1. Wear the right clothes. Anything comfortable for you, a helmet, and gloves. If you worry about helmet-hair, I strongly suggest a stationary bike. Gloves? Try falling off the bike and you understand why.
2. Arrive at your destination more relaxed than you left. That means avoiding stressful situations, take breaks, and enjoy the journey as a form of therapy.
3. Be connected to your surroundings. Take in the sights, smells, and sounds. Only a fool uses a cellphone or has earplugged music on a bike.
4. Stress is contagious, so avoid stressful people. I mean the nervous driver, the screaming fratboy, or the spandex-sprayed Lance-Armstrong wannabe; they may look good on a bike, but that doesn’t mean that they can cheat lights, cut you off, or yell at cars. I refer to those folks as “frayends.” If I find myself pissed off at the behavior of these toxic folks, I get off my bike and away under a shady tree, take 10 deep breathes to the tune of Bobby McFerrin’s “Don’t Worry, Be Happy.”
5. Take a self-check regularly. Is something sore? Are you thirsty? Are you out of breath? Is the bike making noises. Simply stop and take care of it. Being an iron-man is not the point of beater biking.
6. Speed kills, steady heals. Don’t go fast, stop at the lights, and know that you’ll get there eventually and easily rather than frazzled.
7. Have a good map. Many times the road conditions or your mood require changing the route mid trip. Experimenting takes away the boredom and keeps the beater biking experience fresh.
8. Civility and smiles win the day. Give your face a break, it takes fewer muscles to smile, and it reminds people that they are confronting a beater biker, not a bike. I wave cars through, let the whales [CTA buses] pass me by, and work for peaceful coexistence rather than Darwinian survival. Have a stock phrase to use against road-ragers: like “Have a Great Day!” It confuses the hell outta the other guy when you are smiling and wishing them well….nothing like a good mindsnap to shake ‘em up.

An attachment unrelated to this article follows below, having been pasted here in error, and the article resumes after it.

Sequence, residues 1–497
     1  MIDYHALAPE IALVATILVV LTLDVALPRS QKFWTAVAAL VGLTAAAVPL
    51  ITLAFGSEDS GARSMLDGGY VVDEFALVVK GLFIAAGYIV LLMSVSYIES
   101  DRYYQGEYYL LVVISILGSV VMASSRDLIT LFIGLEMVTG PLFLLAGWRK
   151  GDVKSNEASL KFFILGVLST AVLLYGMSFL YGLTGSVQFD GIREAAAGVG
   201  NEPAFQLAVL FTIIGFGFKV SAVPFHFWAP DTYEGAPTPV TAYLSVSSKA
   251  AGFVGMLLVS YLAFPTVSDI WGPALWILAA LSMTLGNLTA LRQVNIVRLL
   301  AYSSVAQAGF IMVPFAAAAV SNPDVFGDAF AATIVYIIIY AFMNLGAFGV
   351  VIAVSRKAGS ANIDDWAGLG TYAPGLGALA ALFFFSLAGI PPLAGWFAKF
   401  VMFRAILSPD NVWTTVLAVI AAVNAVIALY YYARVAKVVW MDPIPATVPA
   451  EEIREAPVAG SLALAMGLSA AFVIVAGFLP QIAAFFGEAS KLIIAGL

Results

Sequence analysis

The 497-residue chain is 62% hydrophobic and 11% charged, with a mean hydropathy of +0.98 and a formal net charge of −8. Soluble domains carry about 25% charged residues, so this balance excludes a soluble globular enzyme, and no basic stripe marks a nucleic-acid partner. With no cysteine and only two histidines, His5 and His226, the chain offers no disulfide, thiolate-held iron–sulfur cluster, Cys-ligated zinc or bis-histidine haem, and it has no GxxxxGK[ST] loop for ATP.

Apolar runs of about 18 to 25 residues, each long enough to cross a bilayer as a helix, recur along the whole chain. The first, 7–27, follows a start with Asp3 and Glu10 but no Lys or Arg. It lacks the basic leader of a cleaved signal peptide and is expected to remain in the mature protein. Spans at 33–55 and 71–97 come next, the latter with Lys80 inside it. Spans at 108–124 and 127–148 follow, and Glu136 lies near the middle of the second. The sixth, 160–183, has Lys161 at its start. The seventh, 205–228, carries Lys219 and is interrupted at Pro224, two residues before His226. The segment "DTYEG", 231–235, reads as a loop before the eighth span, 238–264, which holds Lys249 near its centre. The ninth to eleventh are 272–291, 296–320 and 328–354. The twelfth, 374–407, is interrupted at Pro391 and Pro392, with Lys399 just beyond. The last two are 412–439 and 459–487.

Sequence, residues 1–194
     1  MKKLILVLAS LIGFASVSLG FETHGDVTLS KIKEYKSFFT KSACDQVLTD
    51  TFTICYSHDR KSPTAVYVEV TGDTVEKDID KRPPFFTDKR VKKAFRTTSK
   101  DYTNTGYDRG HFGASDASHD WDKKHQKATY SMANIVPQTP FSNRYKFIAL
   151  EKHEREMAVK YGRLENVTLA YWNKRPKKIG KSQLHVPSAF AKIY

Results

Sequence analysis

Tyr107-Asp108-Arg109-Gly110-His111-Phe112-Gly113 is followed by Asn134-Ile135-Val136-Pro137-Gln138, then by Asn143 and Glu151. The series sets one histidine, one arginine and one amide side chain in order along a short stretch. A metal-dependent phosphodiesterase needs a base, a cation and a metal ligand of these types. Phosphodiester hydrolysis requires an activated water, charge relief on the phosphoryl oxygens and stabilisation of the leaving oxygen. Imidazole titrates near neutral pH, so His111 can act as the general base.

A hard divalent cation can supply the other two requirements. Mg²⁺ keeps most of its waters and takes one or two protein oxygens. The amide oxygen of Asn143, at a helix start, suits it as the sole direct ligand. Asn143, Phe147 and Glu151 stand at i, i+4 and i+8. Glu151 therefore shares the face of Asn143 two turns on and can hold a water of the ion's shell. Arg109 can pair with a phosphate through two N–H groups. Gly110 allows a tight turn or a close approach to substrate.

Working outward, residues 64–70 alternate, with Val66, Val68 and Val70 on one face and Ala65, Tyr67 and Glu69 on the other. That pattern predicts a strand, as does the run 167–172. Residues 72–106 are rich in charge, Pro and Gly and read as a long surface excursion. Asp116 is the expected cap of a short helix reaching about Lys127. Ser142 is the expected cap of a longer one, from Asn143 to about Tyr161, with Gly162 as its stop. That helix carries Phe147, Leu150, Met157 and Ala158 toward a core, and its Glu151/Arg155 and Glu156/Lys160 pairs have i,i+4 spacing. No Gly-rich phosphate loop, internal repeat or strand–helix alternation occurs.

[note: all bicycle safety pictures can be found at Bicycle Blunders, a serious bike advocacy site maintained by Fred Oswald in Ohio. We highly recommend you take a look]

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2 Comments:

Blogger Da' Square Wheelman, said...

I was just reading the bicycle diaries and I thought I'd offer a tip I
received for motorcycling and adapted to bicycling.

With motorcycling I was told: "Don't look down at the road, look down
the road." The idea being that you want to pay atttention to what's
happening as far ahead as possible.

Adapting it to bicycling (taking into account broken glass, storm
sewer grates, road trash, etc.): "Don't just look down at the road,
look down the road as well."

dlb

23/7/06 13:44  
Blogger Da' Square Wheelman, said...

From Benson:

I was just reading the bicycle diaries and I thought I'd offer a tip I received for motorcycling and adapted to bicycling.

With motorcycling I was told: "Don't look down at the road, look down the road." The idea being that you want to pay atttention to what's happening as far ahead as possible.

Adapting it to bicycling (taking into account broken glass, storm
sewer grates, road trash, etc.): "Don't just look down at the road, look down the road as well."

dlb

23/7/06 13:45